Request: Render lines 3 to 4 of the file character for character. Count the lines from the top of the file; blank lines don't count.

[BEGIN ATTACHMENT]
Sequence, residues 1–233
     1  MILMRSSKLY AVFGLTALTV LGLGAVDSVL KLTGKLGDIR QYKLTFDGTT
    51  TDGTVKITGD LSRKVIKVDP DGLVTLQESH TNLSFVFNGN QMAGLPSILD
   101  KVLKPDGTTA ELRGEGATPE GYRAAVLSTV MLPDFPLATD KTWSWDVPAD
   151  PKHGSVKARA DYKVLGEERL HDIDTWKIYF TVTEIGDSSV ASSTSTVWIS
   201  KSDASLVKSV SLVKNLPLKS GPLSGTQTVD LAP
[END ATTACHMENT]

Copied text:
    51  TDGTVKITGD LSRKVIKVDP DGLVTLQESH TNLSFVFNGN QMAGLPSILD
   101  KVLKPDGTTA ELRGEGATPE GYRAAVLSTV MLPDFPLATD KTWSWDVPAD